Milwaukee’s Best, Part 3: The 50 Best To Play For Braves, Brewers: 30-21

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Aug 17, 2014; Los Angeles, CA, USA; Milwaukee Brewers catcher Jonathan Lucroy (20) celebrates his 2-run homer against the Los Angeles Dodgers with teammate center fielder Carlos Gomez (27) in the first inning at Dodger Stadium. Mandatory Credit: Robert Hanashiro-USA TODAY Sports

Dairyland Express’ look at the 50 best players for the Milwaukee Braves and Milwaukee Brewers continues. If you missed the first two parts, you can find them here.

Milwaukee’s Best, Part 1

Milwaukee’s Best, Part 2

Over the course of 13 seasons in Beer City, the Braves had five different managers.

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Charlie Grimm, who had won three pennants—two as a player/manager—while leading the Chicago Cubs, came with the team from Boston to Milwaukee after replacing Tommy Holmes early in the 1952 season.

Grimm led the Braves to 92 victories in their first season in Milwaukee—second behind the Brooklyn Dodgers in the National League—and followed that up with 89 wins and a third-place finish in 1954 and another runner-up finish after going 85-69 in 1955.

But the Braves were stumbling around the .500 mark in mid-June and after a 3-2 loss to the Dodgers at Ebbets Field, Grimm was fired.

His replacement, Fred Haney, did not have a resume that screamed he would be an instant success. In five full seasons as a big-league skipper with the St. Louis Browns and Pittsburgh Pirates, Haney had a career record of 288-526 and his teams had finished last four times—three seasons topping the 100-loss mark.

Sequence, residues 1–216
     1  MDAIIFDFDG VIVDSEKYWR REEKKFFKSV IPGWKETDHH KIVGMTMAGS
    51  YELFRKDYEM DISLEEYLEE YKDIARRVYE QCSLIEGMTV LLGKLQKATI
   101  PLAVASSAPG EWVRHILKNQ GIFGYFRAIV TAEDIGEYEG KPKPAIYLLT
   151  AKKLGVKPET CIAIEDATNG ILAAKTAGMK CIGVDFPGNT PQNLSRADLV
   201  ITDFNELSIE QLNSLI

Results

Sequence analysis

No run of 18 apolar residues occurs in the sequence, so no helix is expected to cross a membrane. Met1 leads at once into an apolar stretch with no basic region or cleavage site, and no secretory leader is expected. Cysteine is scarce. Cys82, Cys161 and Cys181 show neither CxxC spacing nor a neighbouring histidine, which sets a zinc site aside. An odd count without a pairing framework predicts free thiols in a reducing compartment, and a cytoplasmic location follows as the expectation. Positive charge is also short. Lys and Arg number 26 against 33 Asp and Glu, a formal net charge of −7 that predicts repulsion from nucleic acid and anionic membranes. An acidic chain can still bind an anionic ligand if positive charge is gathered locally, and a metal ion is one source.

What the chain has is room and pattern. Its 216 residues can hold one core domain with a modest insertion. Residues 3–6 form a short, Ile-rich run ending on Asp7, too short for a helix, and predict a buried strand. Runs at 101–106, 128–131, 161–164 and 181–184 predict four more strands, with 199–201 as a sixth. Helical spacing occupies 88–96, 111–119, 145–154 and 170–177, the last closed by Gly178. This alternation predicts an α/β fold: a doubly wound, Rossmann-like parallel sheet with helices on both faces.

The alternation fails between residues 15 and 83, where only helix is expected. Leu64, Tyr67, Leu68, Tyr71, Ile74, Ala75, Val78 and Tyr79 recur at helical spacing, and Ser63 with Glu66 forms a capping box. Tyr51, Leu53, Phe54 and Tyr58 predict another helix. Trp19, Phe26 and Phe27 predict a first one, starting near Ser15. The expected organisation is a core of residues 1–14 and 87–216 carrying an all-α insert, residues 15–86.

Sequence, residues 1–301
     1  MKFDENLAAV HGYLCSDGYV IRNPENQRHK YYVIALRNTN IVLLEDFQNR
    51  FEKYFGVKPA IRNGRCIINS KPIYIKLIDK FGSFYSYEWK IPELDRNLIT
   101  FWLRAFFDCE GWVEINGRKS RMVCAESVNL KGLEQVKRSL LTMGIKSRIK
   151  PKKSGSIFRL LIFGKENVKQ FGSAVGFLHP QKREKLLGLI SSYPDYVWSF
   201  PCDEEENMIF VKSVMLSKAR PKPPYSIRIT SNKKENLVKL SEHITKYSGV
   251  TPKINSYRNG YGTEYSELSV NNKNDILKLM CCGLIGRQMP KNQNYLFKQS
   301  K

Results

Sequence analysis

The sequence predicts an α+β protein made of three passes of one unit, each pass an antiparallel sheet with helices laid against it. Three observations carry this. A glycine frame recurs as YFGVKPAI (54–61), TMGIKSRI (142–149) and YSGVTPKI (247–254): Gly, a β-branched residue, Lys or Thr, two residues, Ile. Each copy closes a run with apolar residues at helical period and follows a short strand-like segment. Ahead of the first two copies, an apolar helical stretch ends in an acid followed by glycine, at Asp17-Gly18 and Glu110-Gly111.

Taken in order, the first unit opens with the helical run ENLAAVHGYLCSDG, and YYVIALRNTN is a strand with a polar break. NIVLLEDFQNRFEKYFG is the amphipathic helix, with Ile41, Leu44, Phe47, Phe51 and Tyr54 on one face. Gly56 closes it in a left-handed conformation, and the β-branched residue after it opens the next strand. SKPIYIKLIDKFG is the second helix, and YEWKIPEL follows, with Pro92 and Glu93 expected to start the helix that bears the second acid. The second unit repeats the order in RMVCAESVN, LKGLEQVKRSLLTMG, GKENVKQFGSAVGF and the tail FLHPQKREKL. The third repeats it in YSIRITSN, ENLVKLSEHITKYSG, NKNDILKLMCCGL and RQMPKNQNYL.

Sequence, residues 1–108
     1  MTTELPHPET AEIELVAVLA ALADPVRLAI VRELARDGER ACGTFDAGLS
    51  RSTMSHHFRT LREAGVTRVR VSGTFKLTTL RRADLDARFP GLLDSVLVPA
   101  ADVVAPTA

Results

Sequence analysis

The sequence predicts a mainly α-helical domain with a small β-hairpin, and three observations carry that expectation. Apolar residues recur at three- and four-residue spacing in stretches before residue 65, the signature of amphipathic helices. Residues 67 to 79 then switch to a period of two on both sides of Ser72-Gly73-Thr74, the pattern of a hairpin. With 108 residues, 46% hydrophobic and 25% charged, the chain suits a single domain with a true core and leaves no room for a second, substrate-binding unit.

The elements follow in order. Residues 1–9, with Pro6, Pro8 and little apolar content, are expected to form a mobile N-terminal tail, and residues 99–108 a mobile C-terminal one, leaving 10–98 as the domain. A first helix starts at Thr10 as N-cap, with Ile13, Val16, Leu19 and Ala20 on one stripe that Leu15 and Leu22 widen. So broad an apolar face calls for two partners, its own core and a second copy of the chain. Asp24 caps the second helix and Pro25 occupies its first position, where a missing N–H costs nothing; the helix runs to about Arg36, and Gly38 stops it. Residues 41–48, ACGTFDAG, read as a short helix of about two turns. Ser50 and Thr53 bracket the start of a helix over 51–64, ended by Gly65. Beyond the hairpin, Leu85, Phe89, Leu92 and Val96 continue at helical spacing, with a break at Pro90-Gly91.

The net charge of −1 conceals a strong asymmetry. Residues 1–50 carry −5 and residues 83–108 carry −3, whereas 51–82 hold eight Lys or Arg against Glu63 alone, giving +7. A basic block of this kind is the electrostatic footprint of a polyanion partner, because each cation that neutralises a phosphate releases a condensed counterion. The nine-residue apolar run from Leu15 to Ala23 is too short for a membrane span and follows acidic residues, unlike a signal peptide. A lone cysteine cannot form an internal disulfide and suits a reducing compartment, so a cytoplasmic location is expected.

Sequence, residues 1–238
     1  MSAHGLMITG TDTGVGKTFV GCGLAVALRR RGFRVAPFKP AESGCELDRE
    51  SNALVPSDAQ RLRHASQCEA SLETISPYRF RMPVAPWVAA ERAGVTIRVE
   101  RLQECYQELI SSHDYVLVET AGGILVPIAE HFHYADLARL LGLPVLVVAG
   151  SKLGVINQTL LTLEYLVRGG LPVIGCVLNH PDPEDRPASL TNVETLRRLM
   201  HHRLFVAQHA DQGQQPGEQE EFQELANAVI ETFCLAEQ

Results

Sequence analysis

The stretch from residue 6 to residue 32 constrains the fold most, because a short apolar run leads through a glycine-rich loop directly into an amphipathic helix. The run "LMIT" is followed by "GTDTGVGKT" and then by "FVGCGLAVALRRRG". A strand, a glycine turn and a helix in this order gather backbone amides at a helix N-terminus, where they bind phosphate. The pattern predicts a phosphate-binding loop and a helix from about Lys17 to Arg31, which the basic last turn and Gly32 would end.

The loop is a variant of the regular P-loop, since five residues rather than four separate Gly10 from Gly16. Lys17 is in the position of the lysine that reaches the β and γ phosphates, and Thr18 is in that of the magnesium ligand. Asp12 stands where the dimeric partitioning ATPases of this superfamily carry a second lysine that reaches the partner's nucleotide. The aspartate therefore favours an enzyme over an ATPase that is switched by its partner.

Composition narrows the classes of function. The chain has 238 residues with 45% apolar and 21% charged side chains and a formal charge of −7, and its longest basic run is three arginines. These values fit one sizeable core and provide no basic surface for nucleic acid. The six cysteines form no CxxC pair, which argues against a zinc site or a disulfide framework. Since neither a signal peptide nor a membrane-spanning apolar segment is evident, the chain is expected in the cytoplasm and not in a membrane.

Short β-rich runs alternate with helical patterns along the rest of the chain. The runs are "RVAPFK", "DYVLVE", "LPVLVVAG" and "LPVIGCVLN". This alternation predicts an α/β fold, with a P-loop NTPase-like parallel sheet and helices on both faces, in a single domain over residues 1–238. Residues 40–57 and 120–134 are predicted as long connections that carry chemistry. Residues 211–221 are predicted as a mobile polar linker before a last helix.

So of course it made sense that Haney guided the Braves to a 68-40 record the rest of the way as Milwaukee finished just a game behind Brooklyn in the National League.

It wasn’t a fluke—Haney guided the Braves to back-to-back National League pennants in 1957 and 1958, beating the New York Yankees in a seven-game World Series in 1957 before losing a Game 7 to the Yankees the following year.

In 1959, the Braves and the now-Los Angeles Dodgers finished in a tie atop the league, with the Dodgers sweeping the first two games of a best-of-three tiebreaker.

Two days after the Dodgers won the pennant, Haney was fired—tough gig—and replaced by former Chuck Dressen, who had first managed the Cincinnati Reds in the 1930s and most recently managed the Washington Senators but led the Dodgers to back-to-back pennants in 1952-53.

Milwaukee finished second again in 1960 with an 88-66 mark, seven games behind the Pirates.

With the Braves in fourth place after a 4-0 win over the Dodgers at Milwaukee County Stadium on Sept. 2, Dressen was shown the exit and replaced by coach and former Reds manager Birdie Tebbetts, who led the Braves to a 12-13 mark the rest of the way.

Tebbetts oversaw an 86-76 campaign in 1962 as Milwaukee finished fifth—its worst finish since the franchise moved to Wisconsin a decade earlier—and Tebbetts bolted to manage the Cleveland Indians at season’s end.

The Braves turned the reigns over to former Pirates and Indians manager Bobby Bragan for the 1963 season and the team won 84, 88 and 86 games, respectively, in its final three seasons in Milwaukee. That translated to a sixth-place finish in 1963 and back-to-back fifth-place seasons in 1964-65.

In all, the Braves never had a losing season in 13 years in Milwaukee, finishing with a record of 1,146-890 and with a 7-7 mark in the postseason.

The Milwaukee Braves boasted one MVP winner, Hank Aaron in 1957, and one Cy Young Award winner, Warren Spahn the same season.

Spahn threw two of the four no-hitters authored by Braves pitchers in those 13 years, on Sept. 16, 1960, and April 28, 1961. Jim Wilson threw one on June 12, 1954, and Lew Burdette turned the trick less than a month before Spahn’s first, on Aug. 18, 1960.

Joe Adcock, meanwhile, had the only four-homer game for the Milwaukee Braves on July 31, 1954.

Dairyland Express’ list of the top 50 players to play for the Braves or Brewers continues now with players 30 through 21.

Next: 30. Slugging Outfielder Acquired From Phillies